International Journal of Current Microbiology and Applied Sciences (IJCMAS)
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National Academy of Agricultural Sciences (NAAS)
NAAS Score: *5.38 (2020)
[Effective from January 1, 2020]
For more details click here

ICV 2019: 96.39
Index Copernicus ICI Journals Master List 2019 - IJCMAS--ICV 2019: 96.39
For more details click here

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PRINT ISSN : 2319-7692
Online ISSN : 2319-7706
Issues : 12 per year
Publisher : Excellent Publishers
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Editor-in-chief: Dr.M.Prakash
Index Copernicus ICV 2018: 95.39
NAAS RATING 2020: 5.38

Int.J.Curr.Microbiol.App.Sci.2019.8(9): 2819-2846

Bioremediation of Petroleum Oil Sludge Polluted Brackish Water Ecosystem
Vincent C. Wokem*, Lucky O. Odokuma and Caroline N. Ariole
Department of Microbiology, University of Port Harcourt, P.M.B. 5323, Port Harcourt, Rivers State, Nigeria
*Corresponding author

Petroleum oil sludge resulting from crude oil storage, illegal crude oil refining and bunkering activities constitutes environmental hazards and pollution in the crude oil producing communities in the Niger Delta region of Nigeria. Biostimulation with N.P.K. fertilizer option C, bioargumentation with indigenous hydrocarbon utilizing bacteria (HUB) option B, combination of biostimulation and bioaugmentation as option A and option D was without any bioremediation treatment were employed in the bioremediation of brackish water artificially polluted with petroleum oil sludge. Brackish water sample was obtained from Elechi Creek, Port Harcourt Rivers State. Petroleum oil sludge sample was obtained from Crude Oil Processing Plant in Obegi community, Rivers State. Bioremediation was monitored for 56 days using the percentage ratio of total petroleum hydrocarbon (TPH) losses for each period to TPH loss at day 0. The result of physicochemical analysis of the petroleum sludge showed that aliphatic hydrocarbon (n-alkanes) ranged from C13 – C35, with concentrations ranging from 26.12-7,713.62ppmwith TPH of 89,509.9ppm. The polycyclic aromatic hydrocarbon (PAH) range was 0.03-5.36ppm with total concentration of 24.21ppm. Heavy metal analysis showed; iron (49.42mg/kg), Zinc (3.79mg/kg), Nickel (4.53 mg/kg) and manganese (6.90 mg/kg). The average total heterotrophic bacterial (THB) and (HUB) counts for petroleum sludge were; 2.5 x 105cfu/g and 2.0 x105cfu/g and for the brackish water sample were 1.39 x 106cfu/ml and 1.1 x 104cfu/ml respectively. Statistical analysis (ANOVA) showed that the THB and HUB counts were significantly different at 5 percent levels (P<0.05) in the different treatment options during the bioremediation period. Changes in physico-chemical parameters showed that pH, alkalinity, conductivity, chemical oxygen demand, nitrate and phosphate were significantly different (P<0.05) while there were no significant differences (P>0.05) in the following parameter; salinity biochemical oxygen demand and total hydrocarbon continent.Using least significant difference (LSD), treatment option D and the control option E were different from treatments A, B and C. The phylogenetic analysis identification of the HUB isolates implicated in the degradation process revealed a closely related ness to the following organisms, Lysinibacillus sphaericus, Klebsiella pneumonia and Alcaligenes faecalis of different strains. The bacterial sequences submitted to Genbank were assigned Accession Number KX817218-KXV7225. The percentage losses in TPH from Gas Chromatography (GC) results showed the following; option A (91.8%), option B (92.5%), C (95%) D (57.8%) and option E control (39.5%) respectively. The results suggest that the application of biostimulation with N.P.K fertilizer, bioaugmentation with indigenous HUB or a combination of both will enhance the bioremediation of petroleum sludge polluted brackish water system in the Niger Delta of Nigeria.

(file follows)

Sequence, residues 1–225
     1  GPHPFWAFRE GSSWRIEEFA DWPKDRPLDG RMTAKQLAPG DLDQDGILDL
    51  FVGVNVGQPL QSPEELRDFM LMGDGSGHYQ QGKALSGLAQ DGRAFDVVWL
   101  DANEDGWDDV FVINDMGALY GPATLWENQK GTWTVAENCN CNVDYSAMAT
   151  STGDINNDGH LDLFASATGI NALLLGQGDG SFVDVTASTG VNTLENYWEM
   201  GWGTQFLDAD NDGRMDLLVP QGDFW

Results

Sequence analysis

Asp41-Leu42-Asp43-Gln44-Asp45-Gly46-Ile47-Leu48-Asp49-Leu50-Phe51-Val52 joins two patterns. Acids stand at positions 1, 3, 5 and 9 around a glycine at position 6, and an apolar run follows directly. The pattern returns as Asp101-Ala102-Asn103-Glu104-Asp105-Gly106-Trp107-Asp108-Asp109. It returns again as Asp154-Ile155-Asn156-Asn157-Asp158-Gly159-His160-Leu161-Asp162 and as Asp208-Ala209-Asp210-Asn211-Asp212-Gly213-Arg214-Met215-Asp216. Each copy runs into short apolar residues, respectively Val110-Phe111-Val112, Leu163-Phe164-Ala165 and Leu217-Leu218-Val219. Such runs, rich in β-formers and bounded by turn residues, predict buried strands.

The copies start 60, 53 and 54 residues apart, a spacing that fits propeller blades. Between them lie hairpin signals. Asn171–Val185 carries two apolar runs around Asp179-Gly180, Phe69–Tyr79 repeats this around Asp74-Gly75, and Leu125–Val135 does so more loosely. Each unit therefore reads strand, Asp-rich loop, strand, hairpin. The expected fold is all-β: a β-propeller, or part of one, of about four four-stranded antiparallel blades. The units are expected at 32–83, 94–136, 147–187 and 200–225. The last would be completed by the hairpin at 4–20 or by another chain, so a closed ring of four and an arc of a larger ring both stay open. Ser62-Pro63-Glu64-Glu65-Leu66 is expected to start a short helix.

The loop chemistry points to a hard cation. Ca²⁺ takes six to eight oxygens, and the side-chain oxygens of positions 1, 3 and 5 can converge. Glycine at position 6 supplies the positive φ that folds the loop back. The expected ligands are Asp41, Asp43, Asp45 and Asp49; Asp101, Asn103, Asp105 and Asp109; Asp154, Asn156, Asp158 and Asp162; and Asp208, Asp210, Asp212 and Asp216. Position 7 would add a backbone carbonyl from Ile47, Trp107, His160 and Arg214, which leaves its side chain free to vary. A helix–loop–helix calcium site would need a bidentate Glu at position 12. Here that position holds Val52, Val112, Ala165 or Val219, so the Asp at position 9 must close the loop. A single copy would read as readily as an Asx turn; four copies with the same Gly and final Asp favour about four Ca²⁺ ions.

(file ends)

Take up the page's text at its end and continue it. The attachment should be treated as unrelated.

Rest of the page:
Keywords: Bioremedation, petroleum oily sludge, Hydrocarbon utilizing bacteria (HUB), Total petroleum hydrocarbon (TPH), Polycyclic aromatic hydrocarbon (PAH)
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How to cite this article:

Vincent C. Wokem, Lucky O. Odokuma and Caroline N. Ariole. 2019. Bioremediation of Petroleum Oil Sludge Polluted Brackish Water Ecosystem.Int.J.Curr.Microbiol.App.Sci. 8(9): 2819-2846. doi: